No date has been set yet for the byelection in Outremont but it's likely to be held in the fall, after the Quebec provincial election. Mulcair already has announced that he will not be returning to Ottawa in September, when Parliament reconvenes.

A test for the NDP

​The NDP's Quebec caucus is nervous about next year's federal election. The byelection could serve as a test of how deep the party's roots run in Quebec after the losses it suffered in 2015.

"It will give us a check-up on the health of the NDP in Quebec," said NDP MP Alexandre Boulerice. "It's a symbolic place. Outremont is where Thomas Mulcair's breakthrough happened. We are aware that it was a château fort for the Liberals for years.

"The battle will be difficult. Justin Trudeau's Liberals are pretty high in the polls. It will take a big effort like in the 2007 byelection."


Former NDP leader Tom Mulcair first won the Outremont riding in a 2007 byelection but will be officially resigning the seat this summer. (Sean Kilpatrick/Canadian Press)

The New Democrats have not posted strong results in recent byelections in Quebec. The party took 11.7 per cent of the vote in the riding of Lac-Saint-Jean last fall, 8.6 per cent in Chicoutimi–Le Fjord in June and just 7.8 per cent in Saint-Laurent in April 2016.

The Outremont byelection also will serve as an opportunity to measure how Quebec voters view Jagmeet Singh, leader of the federal NDP since October. Sanchez said she recognizes there's a certain "resistance" to the new leader in Quebec, but is convinced that things will improve once he becomes better known.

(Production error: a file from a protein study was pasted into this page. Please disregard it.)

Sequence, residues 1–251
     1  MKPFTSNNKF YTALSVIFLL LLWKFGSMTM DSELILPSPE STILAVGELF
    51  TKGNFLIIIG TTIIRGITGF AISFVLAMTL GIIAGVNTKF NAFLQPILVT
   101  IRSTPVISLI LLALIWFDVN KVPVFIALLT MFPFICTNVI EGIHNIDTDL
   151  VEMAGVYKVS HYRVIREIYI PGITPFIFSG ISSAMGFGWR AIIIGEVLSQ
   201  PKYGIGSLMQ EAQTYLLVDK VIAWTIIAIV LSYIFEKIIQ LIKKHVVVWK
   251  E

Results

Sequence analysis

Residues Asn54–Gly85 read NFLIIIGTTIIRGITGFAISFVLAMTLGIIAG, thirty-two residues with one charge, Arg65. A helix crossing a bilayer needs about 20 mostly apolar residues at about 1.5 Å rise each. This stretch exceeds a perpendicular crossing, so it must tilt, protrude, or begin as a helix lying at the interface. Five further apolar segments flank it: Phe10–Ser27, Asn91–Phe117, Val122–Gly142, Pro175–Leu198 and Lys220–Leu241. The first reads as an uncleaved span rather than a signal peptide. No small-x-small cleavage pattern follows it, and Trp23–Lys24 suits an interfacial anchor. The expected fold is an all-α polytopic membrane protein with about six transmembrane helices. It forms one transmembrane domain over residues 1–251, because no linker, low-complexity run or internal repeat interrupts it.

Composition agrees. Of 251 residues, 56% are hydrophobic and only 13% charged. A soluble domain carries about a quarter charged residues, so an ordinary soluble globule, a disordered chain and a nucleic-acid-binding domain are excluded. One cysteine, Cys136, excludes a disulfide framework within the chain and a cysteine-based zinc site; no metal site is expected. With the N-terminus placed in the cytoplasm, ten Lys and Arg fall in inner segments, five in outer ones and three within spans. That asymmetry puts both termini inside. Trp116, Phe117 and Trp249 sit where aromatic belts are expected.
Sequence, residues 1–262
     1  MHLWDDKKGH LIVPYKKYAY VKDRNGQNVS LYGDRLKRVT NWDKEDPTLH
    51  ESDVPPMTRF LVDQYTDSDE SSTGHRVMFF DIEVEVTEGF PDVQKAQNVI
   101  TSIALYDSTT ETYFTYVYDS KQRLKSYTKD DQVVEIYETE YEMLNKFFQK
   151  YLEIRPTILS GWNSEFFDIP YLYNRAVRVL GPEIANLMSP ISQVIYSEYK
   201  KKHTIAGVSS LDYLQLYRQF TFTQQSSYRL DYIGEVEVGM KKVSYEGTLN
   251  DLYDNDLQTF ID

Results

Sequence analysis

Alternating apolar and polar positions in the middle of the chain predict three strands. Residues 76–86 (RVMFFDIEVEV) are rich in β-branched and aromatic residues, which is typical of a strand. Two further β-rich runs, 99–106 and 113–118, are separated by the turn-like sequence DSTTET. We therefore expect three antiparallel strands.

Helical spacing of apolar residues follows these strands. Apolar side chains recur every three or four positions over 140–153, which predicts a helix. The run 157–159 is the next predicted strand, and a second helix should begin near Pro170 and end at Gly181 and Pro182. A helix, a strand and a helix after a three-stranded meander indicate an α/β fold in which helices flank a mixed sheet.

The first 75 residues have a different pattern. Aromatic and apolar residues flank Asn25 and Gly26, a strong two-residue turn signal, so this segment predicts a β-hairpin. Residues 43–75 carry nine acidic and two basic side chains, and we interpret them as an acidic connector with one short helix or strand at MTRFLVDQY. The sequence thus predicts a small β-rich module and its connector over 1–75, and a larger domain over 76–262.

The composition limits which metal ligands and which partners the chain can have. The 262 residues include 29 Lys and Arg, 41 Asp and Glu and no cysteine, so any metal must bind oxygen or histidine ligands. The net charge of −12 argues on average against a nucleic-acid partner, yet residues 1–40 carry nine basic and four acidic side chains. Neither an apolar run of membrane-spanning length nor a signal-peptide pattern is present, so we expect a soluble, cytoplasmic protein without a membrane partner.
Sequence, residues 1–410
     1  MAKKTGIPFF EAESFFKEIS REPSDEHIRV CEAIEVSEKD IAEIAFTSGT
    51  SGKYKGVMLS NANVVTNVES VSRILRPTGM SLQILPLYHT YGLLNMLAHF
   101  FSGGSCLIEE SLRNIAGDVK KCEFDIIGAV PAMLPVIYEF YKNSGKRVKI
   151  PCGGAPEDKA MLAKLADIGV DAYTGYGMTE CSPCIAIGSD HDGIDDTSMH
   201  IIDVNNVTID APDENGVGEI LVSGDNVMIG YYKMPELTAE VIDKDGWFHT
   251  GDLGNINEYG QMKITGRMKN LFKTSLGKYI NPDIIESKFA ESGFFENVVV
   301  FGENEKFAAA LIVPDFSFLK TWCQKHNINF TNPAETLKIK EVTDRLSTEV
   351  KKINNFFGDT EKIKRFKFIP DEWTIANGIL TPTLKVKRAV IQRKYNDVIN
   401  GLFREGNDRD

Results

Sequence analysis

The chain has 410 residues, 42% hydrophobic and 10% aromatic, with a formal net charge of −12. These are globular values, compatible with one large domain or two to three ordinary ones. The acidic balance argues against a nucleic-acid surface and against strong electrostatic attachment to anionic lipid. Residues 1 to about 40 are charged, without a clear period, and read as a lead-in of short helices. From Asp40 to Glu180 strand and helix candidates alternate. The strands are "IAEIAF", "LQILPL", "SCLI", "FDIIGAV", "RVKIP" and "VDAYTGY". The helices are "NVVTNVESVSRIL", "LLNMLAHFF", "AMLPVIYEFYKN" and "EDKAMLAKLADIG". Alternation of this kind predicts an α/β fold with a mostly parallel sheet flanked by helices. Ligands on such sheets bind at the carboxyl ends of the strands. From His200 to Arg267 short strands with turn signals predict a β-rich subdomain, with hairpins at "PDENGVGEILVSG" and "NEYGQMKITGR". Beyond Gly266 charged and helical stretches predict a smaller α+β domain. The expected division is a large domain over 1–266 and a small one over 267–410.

"I think that we are all looking forward to seeing him in Parliament," she said.

After initially opening the door to being a candidate in Outremont, it now appears likelier that Singh will put his name forward in a safer seat like the B.C. riding of Burnaby South, where opposition to the expansion of the Kinder Morgan pipeline could play in the NDP's favour. NDP MP Kennedy Stewart said he will resign the seat this summer and mount a bid to be mayor of Vancouver.

Back to Outremont

Sanchez has lived in the riding before and will be returning to Outremont starting on Saturday to get to work on her campaign. She has lived in Ottawa for the last seven years; she said she doesn't see this as a handicap and believes she can establish a connection with voters in the riding.

She said she plans to focus on issues like inequality, women's rights and the environment. A Peruvian immigrant who arrived in Canada at the age of two months, Sanchez said she is certain that she will be well-received in a diverse riding like Outremont.

Sanchez said she wants to force the Liberals to respect their election promises. She said that constituents need an MP "who will push the Liberals to deliver on their promises and the commitments they made."

Sanchez recently left a position as president of the Canadian Council of International Co-operation which she'd occupied since 2011. Over her long career in the humanitarian sector she has supervised development projects in countries such as Bolivia, Guatemala, Nepal and India.

She also has participated in international campaigns in the fight against climate change. Sanchez previously worked for the Centre for International Studies and Cooperation and collaborated with Oxfam in India and the United Nations High Commissioner for Refugees.

Liberals already campaigning

The Liberals will put in a serious effort to win the riding back for the party. The vote for the Liberal nomination is not yet scheduled but a few interested candidates have already started knocking on doors.

Rachel Bendayan, a lawyer who has worked as a ministerial chief of staff in the Trudeau government, is taking another run at the nomination. In the federal election in 2015, she took 33.5 per cent of the vote, placing her 11 percentage points behind Mulcair.